There wasn’t one fatal blow, rather a number of small hits year after year which finally beat the blog into the ground. The ‘one clear voice’ philosophy was forgotten. By the beginning of 2018 amidst the clamour of over-saturation and corporate humiliation, public distrust reigned supreme.
Blogging which had set out to take on mass media, had become its own nemesis.
As Professor Marcus Wright2 stated, “In looking for, dare I say it, ‘grassroots’ tactics, the advertising industry ignored the foundations upon which blogging was built; the individual voice booming loud and clear through the corporate subterfuge.”
Back To The Future?
But even as preparations were being made today to cryogenically freeze the blog’s remains, whispers were abound of a possible resurrection.
“In a way we have to turn the clock back. Go back to the blog circa 2006 and knowing what we know now stop it from happening again. There is nothing to say that bloggers and advertisers cannot co-exist successfully, but if we are going to resurrect blog, we have to do it in the spirit from which it was conceived. Authenticity.
Advertisers should look to blogs to organically grow trends by leveraging the role of bloggers as peer influencers, not simply ‘co-opt cool’ by indiscriminately buying up blog space or cashing in on a perceived authenticity which they then undermine. It’s an opportunity to target consumers in a more pinpointed and specific manner, but it must be approached with caution and used only where it is most appropriate. it cannot be a case of everybody else is doing it, why aren’t we. If only we’d known 15 years ago what we know now.” 3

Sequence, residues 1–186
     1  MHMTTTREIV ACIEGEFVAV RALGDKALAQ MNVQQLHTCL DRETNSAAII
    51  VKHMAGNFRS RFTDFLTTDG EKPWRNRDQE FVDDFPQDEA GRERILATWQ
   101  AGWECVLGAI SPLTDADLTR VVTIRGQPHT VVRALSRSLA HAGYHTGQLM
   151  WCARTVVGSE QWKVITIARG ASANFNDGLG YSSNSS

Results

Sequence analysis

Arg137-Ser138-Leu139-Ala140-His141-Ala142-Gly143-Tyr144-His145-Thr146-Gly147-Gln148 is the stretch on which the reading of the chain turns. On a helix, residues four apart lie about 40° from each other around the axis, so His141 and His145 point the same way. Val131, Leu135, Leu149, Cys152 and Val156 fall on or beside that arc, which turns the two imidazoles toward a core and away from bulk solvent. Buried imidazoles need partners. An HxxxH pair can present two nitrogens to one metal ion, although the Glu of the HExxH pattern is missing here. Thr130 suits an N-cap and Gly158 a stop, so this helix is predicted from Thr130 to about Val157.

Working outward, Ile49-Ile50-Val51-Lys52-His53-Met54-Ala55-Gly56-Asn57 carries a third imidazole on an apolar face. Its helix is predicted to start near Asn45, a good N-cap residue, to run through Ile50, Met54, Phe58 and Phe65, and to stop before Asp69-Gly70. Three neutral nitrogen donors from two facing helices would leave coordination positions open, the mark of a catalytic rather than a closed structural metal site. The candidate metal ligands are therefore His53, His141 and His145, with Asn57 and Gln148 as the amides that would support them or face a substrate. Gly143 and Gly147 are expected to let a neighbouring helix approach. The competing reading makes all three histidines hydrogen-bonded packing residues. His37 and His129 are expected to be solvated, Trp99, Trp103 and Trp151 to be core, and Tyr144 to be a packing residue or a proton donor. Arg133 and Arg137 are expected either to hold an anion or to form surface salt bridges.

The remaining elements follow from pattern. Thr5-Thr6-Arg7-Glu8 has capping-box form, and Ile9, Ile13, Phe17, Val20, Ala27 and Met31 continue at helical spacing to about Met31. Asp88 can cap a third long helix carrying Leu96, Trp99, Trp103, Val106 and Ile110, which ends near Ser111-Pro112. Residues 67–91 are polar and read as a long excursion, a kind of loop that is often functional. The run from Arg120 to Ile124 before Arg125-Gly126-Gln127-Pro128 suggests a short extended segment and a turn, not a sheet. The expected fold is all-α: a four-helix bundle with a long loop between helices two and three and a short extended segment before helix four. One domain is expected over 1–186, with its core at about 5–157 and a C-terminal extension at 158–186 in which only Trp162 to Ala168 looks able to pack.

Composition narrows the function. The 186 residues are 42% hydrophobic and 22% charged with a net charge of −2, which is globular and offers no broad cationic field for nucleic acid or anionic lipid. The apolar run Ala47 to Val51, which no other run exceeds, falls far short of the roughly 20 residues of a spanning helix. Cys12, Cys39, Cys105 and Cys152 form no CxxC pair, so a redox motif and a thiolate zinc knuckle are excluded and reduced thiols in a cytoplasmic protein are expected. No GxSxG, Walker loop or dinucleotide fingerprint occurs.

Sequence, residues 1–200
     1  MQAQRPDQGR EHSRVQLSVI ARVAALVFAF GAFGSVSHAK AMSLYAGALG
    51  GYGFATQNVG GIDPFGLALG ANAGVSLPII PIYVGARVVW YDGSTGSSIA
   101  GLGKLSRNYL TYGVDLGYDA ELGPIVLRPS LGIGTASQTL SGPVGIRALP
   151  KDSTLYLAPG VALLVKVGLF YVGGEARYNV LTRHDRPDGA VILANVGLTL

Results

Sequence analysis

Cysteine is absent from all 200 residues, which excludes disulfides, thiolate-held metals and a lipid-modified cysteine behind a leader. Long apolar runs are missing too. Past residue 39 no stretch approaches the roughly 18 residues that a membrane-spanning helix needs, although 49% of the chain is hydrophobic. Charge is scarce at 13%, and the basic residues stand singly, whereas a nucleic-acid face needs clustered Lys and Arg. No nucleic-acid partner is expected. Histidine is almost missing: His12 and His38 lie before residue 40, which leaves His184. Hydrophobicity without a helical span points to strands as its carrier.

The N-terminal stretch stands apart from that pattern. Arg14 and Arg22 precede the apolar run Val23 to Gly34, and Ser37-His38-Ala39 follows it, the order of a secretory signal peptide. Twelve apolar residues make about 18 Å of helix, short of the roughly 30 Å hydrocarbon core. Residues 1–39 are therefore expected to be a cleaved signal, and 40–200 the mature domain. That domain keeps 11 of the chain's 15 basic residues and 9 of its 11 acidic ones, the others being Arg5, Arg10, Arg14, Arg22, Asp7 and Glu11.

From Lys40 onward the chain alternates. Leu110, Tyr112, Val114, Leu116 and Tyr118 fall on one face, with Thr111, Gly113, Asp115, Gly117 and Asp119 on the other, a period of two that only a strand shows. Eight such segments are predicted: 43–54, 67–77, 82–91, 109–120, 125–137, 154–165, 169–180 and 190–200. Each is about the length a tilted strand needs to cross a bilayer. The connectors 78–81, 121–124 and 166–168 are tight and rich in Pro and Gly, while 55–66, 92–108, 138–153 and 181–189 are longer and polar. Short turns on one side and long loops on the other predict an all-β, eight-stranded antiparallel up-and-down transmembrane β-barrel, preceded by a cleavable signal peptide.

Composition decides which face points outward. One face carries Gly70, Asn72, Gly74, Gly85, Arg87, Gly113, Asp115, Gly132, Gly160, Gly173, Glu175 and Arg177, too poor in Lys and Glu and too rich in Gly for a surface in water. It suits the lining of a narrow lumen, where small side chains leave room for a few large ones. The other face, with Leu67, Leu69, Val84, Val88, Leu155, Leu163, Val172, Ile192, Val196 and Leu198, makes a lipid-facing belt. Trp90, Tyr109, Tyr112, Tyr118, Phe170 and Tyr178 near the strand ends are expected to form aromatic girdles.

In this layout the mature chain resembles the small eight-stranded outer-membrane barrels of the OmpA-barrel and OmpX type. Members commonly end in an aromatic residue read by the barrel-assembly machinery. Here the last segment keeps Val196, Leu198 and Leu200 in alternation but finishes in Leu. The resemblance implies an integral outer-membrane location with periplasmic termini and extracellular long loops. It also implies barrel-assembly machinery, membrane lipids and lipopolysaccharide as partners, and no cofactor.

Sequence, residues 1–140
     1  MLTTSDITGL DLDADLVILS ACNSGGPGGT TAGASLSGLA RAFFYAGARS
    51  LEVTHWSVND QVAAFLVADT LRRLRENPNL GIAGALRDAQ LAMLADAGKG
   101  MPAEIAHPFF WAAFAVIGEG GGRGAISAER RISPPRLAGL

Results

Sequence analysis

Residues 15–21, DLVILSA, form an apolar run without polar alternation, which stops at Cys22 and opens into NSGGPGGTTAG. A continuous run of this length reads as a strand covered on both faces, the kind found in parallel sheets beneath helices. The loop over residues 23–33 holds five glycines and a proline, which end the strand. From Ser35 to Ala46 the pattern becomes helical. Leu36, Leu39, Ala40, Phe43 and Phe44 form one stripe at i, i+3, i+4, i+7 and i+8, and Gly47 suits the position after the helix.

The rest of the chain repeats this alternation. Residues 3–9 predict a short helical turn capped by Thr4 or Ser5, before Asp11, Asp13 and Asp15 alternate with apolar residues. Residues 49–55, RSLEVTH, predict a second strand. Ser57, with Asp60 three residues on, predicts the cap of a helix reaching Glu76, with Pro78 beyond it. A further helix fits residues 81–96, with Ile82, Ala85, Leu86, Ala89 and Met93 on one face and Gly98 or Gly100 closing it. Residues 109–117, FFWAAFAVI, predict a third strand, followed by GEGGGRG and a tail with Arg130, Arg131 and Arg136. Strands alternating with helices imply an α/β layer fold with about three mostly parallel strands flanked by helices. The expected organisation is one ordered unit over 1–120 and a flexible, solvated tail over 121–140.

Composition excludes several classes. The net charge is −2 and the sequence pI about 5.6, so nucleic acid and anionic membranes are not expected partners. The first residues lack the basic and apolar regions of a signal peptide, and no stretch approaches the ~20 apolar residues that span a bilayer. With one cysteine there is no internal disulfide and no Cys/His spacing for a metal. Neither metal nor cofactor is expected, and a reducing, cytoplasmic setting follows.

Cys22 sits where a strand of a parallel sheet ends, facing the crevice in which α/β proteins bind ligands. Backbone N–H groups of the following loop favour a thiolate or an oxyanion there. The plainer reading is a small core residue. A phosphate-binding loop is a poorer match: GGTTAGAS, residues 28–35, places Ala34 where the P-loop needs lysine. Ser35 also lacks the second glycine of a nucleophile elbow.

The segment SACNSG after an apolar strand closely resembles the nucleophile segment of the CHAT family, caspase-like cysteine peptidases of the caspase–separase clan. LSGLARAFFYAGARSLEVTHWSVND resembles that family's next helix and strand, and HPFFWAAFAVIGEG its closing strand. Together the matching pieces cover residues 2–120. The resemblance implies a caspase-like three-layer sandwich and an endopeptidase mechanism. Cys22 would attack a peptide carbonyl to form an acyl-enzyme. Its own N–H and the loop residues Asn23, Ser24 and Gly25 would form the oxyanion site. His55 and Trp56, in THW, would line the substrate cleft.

Perhaps then the correct sentiment is not RIP, but rather the blog is dead, long live the blog.
1The ‘Blovel’, was born in August 2006 when former ad executive Neil French published the first blog-novel ironically entitled ‘Death by Blog’. It went on to be downloaded in excess of 2 million times and instigated the foundation of The New York Times’ ‘Blovel Bestseller List.’
2Head of Blog Sciences PHD program at Wharton Business School.
3Amelia Robinson-Hyde, Editor. Blog e-zine.
This abstract originally appeared in volume 12 of WPP's Atticus Journal, 2006.